Tech Guides

Mesh Networking: Cover your home with Wi-Fi in every corner

By Kenny Yeo - 17 Feb 2018

A beginner's guide to mesh networking


1) What is a mesh network?

Mesh networking simply refers to a wireless distributed system. In other words, all mesh nodes can cooperate and contribute to the distribution of data in a network. This is particularly useful in solving the problems of dead spots in homes. It gives homes the ability to have multiple access points (nodes), and these access points can cooperate to expand Wi-Fi coverage.

This video from Trilliant, a networking and communications provider in the US, sums up the idea of mesh networks in about a minute:-


2) Why would I need a mesh networking system?

You might consider one if you experience Wi-Fi dead zones at home. The single best thing about mesh networks is that it broadcasts a single SSID and promises seamless switching between the nodes. Simply put, you shouldn’t experience any drops in connection as you move around your home.


3) How is it better than range extenders or powerline adapters?

Range extenders can be an inexpensive way to improve Wi-Fi coverage, but their effectiveness depends on a lot of factors.

It's faster and more flexible because it uses Wi-Fi technology. But beyond that, let's look at the problem of range extenders and powerline adapters.

  • Range extenders - Range extenders are really only signal boosters. They work by amplifying an existing Wi-Fi signal. And if your Wi-Fi signal is already weak to begin with, what good is amplifying that signal? 

    To make matters worse, because of the way that range extenders work and the fact that these devices can only transmit and receive data one at a time and not simultaneously, bandwidth is typically cut by at least half. 
  • Powerline adapters - Highly dependent on the integrity of your home's electrical grid. Can also pose security concerns as your grid might be shared with your neighbors. Setup and deployment can be cumbersome because positioning is restricted by the location of your power sockets.


4) What is a true mesh networking system?

In a true mesh network, all nodes can communicate independently with each other.

A true mesh networking system is one where all the nodes in the mesh network can communicate to each other and that there isn’t a central main router that handles all communications between nodes.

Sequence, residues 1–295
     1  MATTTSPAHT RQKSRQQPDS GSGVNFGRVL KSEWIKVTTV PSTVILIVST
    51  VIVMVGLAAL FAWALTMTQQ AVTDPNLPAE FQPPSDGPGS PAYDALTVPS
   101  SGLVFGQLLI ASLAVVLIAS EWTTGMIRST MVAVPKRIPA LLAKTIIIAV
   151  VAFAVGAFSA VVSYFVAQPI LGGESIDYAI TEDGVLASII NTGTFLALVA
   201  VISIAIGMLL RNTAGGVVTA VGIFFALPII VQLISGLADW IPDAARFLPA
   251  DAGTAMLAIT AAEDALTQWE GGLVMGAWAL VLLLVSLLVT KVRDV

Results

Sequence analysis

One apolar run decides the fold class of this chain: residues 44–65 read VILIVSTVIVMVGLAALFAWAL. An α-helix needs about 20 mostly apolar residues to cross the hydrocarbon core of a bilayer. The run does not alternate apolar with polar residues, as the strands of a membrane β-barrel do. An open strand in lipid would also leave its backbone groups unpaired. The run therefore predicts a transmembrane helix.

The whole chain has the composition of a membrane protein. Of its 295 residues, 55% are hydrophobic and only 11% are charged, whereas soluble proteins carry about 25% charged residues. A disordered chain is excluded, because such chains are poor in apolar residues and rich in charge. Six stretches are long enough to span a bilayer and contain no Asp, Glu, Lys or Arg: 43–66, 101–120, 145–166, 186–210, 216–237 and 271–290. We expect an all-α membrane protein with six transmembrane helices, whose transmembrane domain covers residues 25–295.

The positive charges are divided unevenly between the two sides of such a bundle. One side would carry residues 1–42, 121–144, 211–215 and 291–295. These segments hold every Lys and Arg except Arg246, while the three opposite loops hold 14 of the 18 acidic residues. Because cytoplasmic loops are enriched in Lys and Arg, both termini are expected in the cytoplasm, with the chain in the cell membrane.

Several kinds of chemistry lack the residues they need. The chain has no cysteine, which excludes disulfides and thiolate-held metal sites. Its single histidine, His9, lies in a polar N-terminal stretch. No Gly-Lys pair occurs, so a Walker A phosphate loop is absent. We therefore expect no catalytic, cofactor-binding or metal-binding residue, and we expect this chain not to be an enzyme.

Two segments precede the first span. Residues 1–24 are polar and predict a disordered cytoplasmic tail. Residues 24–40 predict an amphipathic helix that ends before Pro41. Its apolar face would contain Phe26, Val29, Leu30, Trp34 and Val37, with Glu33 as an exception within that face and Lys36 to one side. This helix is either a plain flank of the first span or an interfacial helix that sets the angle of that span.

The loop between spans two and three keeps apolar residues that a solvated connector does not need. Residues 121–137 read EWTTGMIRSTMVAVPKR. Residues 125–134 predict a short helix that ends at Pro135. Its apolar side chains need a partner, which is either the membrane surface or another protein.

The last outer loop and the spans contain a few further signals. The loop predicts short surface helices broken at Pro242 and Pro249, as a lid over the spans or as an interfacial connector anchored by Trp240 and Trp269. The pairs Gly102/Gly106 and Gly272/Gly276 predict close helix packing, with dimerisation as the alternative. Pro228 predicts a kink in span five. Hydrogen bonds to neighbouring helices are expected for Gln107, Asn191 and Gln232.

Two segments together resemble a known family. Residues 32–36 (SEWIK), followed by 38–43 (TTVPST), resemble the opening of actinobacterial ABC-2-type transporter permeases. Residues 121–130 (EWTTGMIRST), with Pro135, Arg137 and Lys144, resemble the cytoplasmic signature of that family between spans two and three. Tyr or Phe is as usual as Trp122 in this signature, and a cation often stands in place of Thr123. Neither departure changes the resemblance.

Examples of true mesh networking systems are the ASUS Lyra, Google WifiLinksys Velop, and the TP-Link Deco M5.


What is the benefit of this?

Greater flexibility in deployment, which is useful if you need to expand Wi-Fi coverage over a larger area by adding more networking nodes. True mesh networking systems can also be daisy-chained, which is handy for homes with multiple stories or odd layouts (think L-shaped homes).


5) What about other mesh networking systems?

A limitation of star/wheel topology mesh networks is that it can only expand Wi-Fi coverage by a single step in any direction.

A good number of mesh networking systems use what is sometimes known as a star or wheel topology. In such a system, there is a central or main router that handles communications between the various nodes. The nodes cannot communicate with each other independently, they must do so through the central router.


What is so bad about this?

There is nothing really wrong about this, but such systems are restricted in their deployment. Because the nodes must be within the range of the central router, there is a limit to how much you can expand your Wi-Fi coverage. 


6) What is this backhaul communication thing that I keep hearing about?

Tri-band mesh networking systems typically dedicate one of their 5GHz networks for backhaul communications. (Image source: ASUS)

Backhaul communication refers to the data that needs to be transferred within the mesh network to be sent to the user. Since users are typically connected to the nearest node, if you are nearer to node B and node A is the one that is actually to your ONT, then node A needs to transfer data to node B before it can reach you. This transmission of data from node A to B is an example of backhaul communication. This feature is typically only available on tri-band systems, where one of the 5GHz networks can be set aside for this purpose.


7) What should I look for out when purchasing a mesh networking system?

Arguably, the most crucial aspect is the environment that you intend to use it in. For larger homes, especially those with multiple stories, a true mesh networking system, where the nodes can communicate independently with each other, is the most ideal as it gives you maximum flexibility in deployment.


8) What about speed?

Even cutting-edge devices like Samsung's new Galaxy Note8 cannot fully take advantage of the high speeds of the current crop of high-end routers.

Speed is important, but it is not determined the way you might think it is. Consider the number of networks it supports rather than outright total speed or bandwidth. In other words, a mesh networking system that has a dedicated network for backhaul communications is the most ideal as it means that users need not compete with the mesh network itself for bandwidth.

Don’t be misled by marketing. 1,733Mbps over the 5GHz network is all well and good, but do you have devices that can take advantage of that speed? Remember, most mobile devices today only support up to 867Mbps, and only a handful of notebooks support speeds of up to 1,300Mbps. So don’t disregard mesh networking systems that only offer 867Mbps over their 5GHz networks. It is sufficient for most users.

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